The newest thing to become obsolete in this fast moving world of technology is none other than your sweet, little old grandparents. According to a UK study, less than one in four grandparents claim to have been asked advice on domestic chores such as learning to cook family recipes, sewing on a buttons or tying ties. Only one third of grandparents said that they had been asked by their grandchildren about what life was like when they were young, mostly because young people are increasingly turning to internet resources like Google, Wikipedia and YouTube to answer their questions about anything from how to make borscht to what it was like to grow up during WWII.
The survey, commissioned by UK cleaning specialist Dr Beckmann, used a sample size of 1,500 grandparents and found that "Grandparents believe they are being sidelined by Google, YouTube, Wikipedia and the huge resource of advice available on the internet...They are aware that their grandchildren — already with their noses buried in a laptop, tablet computer or smartphone — find it much easier to search the Internet for instant advice."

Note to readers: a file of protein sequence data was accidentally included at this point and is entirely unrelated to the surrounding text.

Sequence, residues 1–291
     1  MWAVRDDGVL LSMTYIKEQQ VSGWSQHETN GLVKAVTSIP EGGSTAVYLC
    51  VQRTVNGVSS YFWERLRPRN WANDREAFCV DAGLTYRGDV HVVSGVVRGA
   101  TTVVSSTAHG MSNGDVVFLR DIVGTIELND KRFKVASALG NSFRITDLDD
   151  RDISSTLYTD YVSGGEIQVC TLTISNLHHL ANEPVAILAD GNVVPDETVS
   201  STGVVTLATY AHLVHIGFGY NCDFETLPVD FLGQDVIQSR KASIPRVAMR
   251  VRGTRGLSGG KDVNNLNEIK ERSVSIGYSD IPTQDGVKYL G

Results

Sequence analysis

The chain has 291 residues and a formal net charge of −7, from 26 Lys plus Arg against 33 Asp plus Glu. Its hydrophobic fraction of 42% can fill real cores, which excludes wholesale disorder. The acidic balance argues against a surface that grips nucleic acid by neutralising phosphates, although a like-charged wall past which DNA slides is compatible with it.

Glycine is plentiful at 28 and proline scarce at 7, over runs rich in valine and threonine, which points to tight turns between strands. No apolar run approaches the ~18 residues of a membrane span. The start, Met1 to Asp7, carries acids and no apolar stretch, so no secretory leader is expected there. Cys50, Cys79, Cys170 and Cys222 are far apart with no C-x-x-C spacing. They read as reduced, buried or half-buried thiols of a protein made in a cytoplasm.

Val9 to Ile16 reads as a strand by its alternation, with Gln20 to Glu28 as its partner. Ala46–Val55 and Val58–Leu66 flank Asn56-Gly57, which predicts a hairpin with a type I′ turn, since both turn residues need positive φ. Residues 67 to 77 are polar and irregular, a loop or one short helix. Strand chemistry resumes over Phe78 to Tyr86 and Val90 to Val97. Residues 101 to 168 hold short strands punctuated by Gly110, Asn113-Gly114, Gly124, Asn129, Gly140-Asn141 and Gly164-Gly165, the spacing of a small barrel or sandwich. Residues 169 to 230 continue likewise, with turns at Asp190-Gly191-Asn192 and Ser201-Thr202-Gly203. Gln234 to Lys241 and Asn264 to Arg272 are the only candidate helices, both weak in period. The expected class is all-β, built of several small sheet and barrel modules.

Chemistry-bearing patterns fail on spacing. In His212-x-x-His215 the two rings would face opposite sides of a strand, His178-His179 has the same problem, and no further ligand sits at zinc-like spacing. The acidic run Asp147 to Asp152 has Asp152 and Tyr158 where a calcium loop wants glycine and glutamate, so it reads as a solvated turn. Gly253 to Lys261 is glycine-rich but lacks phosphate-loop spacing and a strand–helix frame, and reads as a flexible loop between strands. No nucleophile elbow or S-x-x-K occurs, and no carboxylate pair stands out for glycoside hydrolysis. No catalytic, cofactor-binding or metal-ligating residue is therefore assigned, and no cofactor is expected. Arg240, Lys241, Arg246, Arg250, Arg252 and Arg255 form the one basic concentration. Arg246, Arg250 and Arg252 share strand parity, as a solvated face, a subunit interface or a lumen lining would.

These findings are heartbreakingly sad, especially for those of us with kind and intelligent grandparents with a wealth of experiences in their pasts. Few Google searches will offer up the same satisfaction as sitting down with your grandmother one afternoon and talking about what it was like for her to grow up during the Great Depression or ride the buses to Birmingham — but, at the same time, Google's house doesn't smell weird and it rarely guilts you about calling not calling enough. Still, I don't think the internet is generally a worthy exchange for interactions with another human being. "My Google fought in Korea," "My Google abandoned my mom when she was 10" and "My Google is well intentioned, but can occasionally be a little racist" doesn't quite have the right ring to it.